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Church of St Peter

A Grade I Listed Building in Meavy, Devon

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Latitude: 50.4866 / 50°29'11"N

Longitude: -4.0589 / 4°3'32"W

OS Eastings: 254037

OS Northings: 67221

OS Grid: SX540672

Mapcode National: GBR Q0.LTG7

Mapcode Global: FRA 27DR.SNK

Plus Code: 9C2QFWPR+JC

Entry Name: Church of St Peter

Listing Date: 21 March 1967

Grade: I

Source: Historic England

Source ID: 1105442

English Heritage Legacy ID: 92708

Location: Meavy, West Devon, Devon, PL20

County: Devon

District: West Devon

Civil Parish: Meavy

Traditional County: Devon

Lieutenancy Area (Ceremonial County): Devon

Tagged with: Church building

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SX 56 NW
4/104 Church of St. Peter


Parish Church. Norman core with some C13 fabric, the remainder C15. Stone rubble
walls, coursed granite to tower with some dressed stone. Gable-ended slate roofs to
nave, aisle, transept and porch.
The plan comprises nave, chancel, south transept, south aisle, south porch, west
tower and vestry on north side of chancel. The oldest feature of the church is the
square north pier to the chancel arch, apparently of Norman date. The church was
totally reconstructed in the C13 from the evidence of the chancel with the South
Chapel probably early C14; it may have been cruciform although only the south
transept now survives and this contains no features earlier than C15. The fact that
the tower is unbuttressed suggests that it may be pre-C15 but its west window and
doorway are Perpendicular in style. The south aisle and porch were added in the
C15. A vestry was built onto the north side of the chancel in the C19.
3 stage unbuttressed tower, battlemented with small crocketted pinnacles and moulded
plinth. The west doorway is of richly moulded granite with a pointed arch and
quatrefoils in the recessed spandrels. It has a heavy square hoodmould. 3-light
Perpendicular west window, granite with moulded surround. The stringcourse arises
above it as a hoodmould. Belfry openings of 1 and 2 light with arched heads.
Square stair turret on north side of tower with slit lights. On the north side the
nave has a late C15 3-light window with cinquefoiled heads - the central one taller
-towards the West end. To its left is early C16 4-light window with segmental heads
to the lights and square hoodmould. Beyond that is a rectangular projection for
the rood stairs. To its left (east) the C19 vestry projects at right angles. The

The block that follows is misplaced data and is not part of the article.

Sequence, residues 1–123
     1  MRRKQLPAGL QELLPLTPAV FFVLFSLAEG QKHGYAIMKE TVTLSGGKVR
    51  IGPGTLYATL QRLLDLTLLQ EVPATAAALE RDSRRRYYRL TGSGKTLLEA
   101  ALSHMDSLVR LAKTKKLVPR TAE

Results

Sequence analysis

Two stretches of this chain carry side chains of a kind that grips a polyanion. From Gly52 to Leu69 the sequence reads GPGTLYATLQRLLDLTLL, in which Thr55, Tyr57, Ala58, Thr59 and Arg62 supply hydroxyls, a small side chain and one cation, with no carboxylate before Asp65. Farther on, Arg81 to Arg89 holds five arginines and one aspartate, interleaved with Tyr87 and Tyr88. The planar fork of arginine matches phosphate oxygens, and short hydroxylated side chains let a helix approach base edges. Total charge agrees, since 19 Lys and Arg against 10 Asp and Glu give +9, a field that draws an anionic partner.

north window to the chancel is very late Perpendicular of 3 round-headed lights,
partially restored.
The East window is an Early English 3-light lancet. The south chapel has a circa
early C14 east window of 2-lights with Y-tracery and a similar window on its south
wall. To the left of this is a late C15 arched granite window with 2 cinquefoiled
lights. Between the 2 windows is the small granite priest's door with round-headed
arch, simple roll moulding and decorated spandrels. The 2 windows to the south
transept and the aisle to its west are Perpendicular of 3-lights in granite. The
single storey C15 south porch has a stone cross at its apex. Heavily moulded 4-
centred arched granite outer doorway with moulded plinth to the jambs and arched
Interior: The south porch has a chamfered granite cornice below the moulded wall
plate which projects at intervals marking the former position of ribs which would
have formed a moulded wagon roof. The bowl of the holy water stoup is carved in the
shape of a grotesque face. C15 south doorway has pointed granite arch with hollow
and convex moulding and double stops. The south aisle has a 3 bay arcade with a
further arch dividing the chancel and south chapel. Pevsner A-type piers with deep
cup capitals and bases; the 2 arches to the aisle are 4-centred whereas that to the
transept has a shallow segmental head and the arch from chancel to chapel has a
depressed 4-centred head. On all, the mouldings run up from the piers.
The chancel arch has a tall 4-centred head, it runs down on the left to a square
pier of alternating Dunstone and red sandstone, with chamfered edges which each have
a carved ram's head at the top - these suggest a Norman date. Very plain tall tower
arch. In the north wall of the nave is a small moulded granite arched doorway,
originally leading to the rood screen which was removed in 1840. A hagioscope gives
a view of the altar from the south chapel.
The chancel roof is a complete probably C19 restoration. The wagon roof to the nave
appears to retain its original principal rafters which are moulded and terminate in
drop pendants. The large bosses may have been restored with some of the other
timbers although the wall-plates appear mainly original. The south chapel retains
its very large original elaborately carved bosses which include ones of Christ's
head, a dying stag, a lioness and a woman's head. The south aisle and transept
roofs have been at least partially restored. The octagonal granite font is probably
C16 with simple shaft and chamfered base; its panels are decorated with devices such
as shields, the keys of St. Peter and sword of St. Paul.
The marble reredos is of 1884 by J.D. Sedding. The oak stalls in the chancel with
carved animals and birds were installed in 1892.
Although it does not retain much of its early fittings this church preserves a
largely medieval fabric with traces of an earlier building; it is notable for the
survival of a number of early windows dating from the C13 to the C16.
Sources: Beatrix Cresswell - Churches in the Deanery of Tavistock; Kelly's Directory

Listing NGR: SX5404167221

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